In Brief

21 January, 2011

Jobs cut at Constellation Constellation has said there will be no job losses following the sale of its UK and Australian wine businesses to Champ Private Equity. Commercial general manager James Lousada told OLN: “There are no planned redundancies as a result of this deal.” ?Buying shake-up at BoothsBooths is shaking up its buying department in a move which has seen the departure of two long-standing staff. Beer and cider buyer David Smith retired from the Preston-based chain on New Year’s Eve after 40 years. Sally Holloway, who worked part-time as its wine buyer, has also left. John Gill has been promoted internally to replace Smith, having previously overseen ambient and non-food. The retailer is currently recruiting a full-time wine and spirits buyer.

Grimes steps up at ParfettsSteve Parfett has stepped down as managing director of Parfetts Cash & Carry ahead of his planned retirement in 2012. Former finance director David Grimes has taken over the top role.

Jacob’s Creek regional focusJacob’s Creek has added a range of wines focused on regional appellations to its portfolio. The Regional Reserve range has an rrp of £9.99 and comprises Shiraz and Riesling from Barossa Valley, Cabernet Sauvignon from Coonawarra, and Chardonnay, Sauvignon Blanc and Pinot Noir from Adelaide Hills. The launch comes at a time when the Australian wine industry is facing a rift between factions who back a broad generic approach and those who favour a narrower focus on regional styles.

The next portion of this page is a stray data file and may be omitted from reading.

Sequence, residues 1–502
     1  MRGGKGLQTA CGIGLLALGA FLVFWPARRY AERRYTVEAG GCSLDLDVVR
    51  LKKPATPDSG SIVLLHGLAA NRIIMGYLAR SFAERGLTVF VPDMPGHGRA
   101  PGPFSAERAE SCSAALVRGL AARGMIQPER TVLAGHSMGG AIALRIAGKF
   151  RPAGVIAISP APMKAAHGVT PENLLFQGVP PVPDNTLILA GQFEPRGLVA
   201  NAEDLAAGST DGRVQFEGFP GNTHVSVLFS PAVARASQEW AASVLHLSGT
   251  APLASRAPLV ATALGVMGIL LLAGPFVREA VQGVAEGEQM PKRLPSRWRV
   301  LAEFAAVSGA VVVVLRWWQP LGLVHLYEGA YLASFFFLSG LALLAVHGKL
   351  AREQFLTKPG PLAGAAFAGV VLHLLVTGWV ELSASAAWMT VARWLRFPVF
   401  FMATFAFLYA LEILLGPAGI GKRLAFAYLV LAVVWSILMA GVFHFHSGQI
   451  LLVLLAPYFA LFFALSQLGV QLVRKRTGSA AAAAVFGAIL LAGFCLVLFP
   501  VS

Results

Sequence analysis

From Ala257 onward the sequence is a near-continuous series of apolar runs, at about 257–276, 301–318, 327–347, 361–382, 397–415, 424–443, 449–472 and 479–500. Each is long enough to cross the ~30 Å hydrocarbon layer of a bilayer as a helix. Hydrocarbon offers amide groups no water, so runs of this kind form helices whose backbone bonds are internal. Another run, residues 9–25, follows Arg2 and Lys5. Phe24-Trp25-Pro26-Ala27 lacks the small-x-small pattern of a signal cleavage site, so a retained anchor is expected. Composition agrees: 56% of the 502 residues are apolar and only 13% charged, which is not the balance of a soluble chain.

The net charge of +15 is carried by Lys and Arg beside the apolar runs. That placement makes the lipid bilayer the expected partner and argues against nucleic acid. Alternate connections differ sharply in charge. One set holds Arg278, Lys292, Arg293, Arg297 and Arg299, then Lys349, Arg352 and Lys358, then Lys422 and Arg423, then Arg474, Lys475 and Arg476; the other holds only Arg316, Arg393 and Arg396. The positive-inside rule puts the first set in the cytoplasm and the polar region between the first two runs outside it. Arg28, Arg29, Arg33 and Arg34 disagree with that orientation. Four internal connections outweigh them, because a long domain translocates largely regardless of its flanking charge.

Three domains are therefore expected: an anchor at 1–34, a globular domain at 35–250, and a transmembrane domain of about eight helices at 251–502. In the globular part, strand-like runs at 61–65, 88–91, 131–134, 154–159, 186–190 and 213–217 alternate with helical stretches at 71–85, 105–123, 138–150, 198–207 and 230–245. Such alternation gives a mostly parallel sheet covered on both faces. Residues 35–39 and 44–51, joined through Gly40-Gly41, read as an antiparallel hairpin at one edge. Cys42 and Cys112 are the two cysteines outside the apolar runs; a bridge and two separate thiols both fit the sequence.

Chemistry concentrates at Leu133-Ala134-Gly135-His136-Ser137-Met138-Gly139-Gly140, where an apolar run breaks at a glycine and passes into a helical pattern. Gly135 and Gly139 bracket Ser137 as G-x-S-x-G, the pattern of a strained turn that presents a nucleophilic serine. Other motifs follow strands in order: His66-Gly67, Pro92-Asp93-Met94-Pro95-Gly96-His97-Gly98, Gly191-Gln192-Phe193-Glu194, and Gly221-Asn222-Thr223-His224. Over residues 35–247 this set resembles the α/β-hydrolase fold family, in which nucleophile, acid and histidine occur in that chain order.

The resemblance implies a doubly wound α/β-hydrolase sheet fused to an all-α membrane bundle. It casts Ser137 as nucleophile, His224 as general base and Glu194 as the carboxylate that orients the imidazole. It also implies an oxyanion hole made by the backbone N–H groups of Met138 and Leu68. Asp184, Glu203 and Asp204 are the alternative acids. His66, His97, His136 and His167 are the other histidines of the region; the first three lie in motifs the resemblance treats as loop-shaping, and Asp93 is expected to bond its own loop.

Malbec has its dayWines of Argentina is celebrating its “most recognisable varietal” on the newly announced Malbec World Day on April 17. UK director of the generic body Andrew Maidment urged independent wine merchants to get on board with the initiative, which will be backed up by a PR campaign, tastings and competitions. Contact amaidment@winesofargentina.com.ar.




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Lifting the spirits

I were to sum up alcohol sales over Christmas 2017 in one word, it would be “gin”. At Nielsen, we define the Christmas period as the 12 weeks to December 30 and in that time gin sales were £199.4 million, which means they increased by £55.4 million compared with Christmas 2016. There’s no sign the bubble is about to burst either. Growth at Christmas 2016 was £22.4 million, so gin has increased its value growth nearly two-and-a-half times in a year. The spirit added more value to
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